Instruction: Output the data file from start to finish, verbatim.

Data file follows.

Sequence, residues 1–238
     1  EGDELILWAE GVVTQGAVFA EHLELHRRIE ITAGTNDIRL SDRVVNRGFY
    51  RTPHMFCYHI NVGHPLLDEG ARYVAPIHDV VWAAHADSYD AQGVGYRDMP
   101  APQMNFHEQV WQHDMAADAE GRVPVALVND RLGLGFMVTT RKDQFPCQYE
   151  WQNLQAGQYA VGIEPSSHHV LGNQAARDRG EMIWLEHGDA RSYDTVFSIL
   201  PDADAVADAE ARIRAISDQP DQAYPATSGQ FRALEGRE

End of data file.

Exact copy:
Sequence, residues 1–238
     1  EGDELILWAE GVVTQGAVFA EHLELHRRIE ITAGTNDIRL SDRVVNRGFY
    51  RTPHMFCYHI NVGHPLLDEG ARYVAPIHDV VWAAHADSYD AQGVGYRDMP
   101  APQMNFHEQV WQHDMAADAE GRVPVALVND RLGLGFMVTT RKDQFPCQYE
   151  WQNLQAGQYA VGIEPSSHHV LGNQAARDRG EMIWLEHGDA RSYDTVFSIL
   201  PDADAVADAE ARIRAISDQP DQAYPATSGQ FRALEGRE